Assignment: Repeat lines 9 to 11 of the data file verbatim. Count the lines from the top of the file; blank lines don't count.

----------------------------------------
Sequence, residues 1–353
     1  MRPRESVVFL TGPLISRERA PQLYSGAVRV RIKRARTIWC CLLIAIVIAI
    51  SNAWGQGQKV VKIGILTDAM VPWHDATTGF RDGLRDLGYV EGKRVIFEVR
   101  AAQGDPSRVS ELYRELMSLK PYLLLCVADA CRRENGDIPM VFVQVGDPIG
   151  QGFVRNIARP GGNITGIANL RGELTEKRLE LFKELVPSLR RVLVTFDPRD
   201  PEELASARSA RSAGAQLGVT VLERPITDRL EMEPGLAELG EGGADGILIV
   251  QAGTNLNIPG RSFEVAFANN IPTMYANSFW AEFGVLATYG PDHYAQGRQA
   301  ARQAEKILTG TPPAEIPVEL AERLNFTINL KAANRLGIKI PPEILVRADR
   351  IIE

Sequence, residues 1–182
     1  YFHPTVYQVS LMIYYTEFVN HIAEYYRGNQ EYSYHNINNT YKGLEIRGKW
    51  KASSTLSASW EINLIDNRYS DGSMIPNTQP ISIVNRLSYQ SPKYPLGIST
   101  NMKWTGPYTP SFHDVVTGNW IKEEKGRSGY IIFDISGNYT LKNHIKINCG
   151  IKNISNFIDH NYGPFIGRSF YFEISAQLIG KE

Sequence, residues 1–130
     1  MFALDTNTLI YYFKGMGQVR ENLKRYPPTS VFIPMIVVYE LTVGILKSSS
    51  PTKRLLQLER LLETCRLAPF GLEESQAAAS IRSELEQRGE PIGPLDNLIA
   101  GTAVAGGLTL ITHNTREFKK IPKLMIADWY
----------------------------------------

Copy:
   351  IIE

Sequence, residues 1–182
     1  YFHPTVYQVS LMIYYTEFVN HIAEYYRGNQ EYSYHNINNT YKGLEIRGKW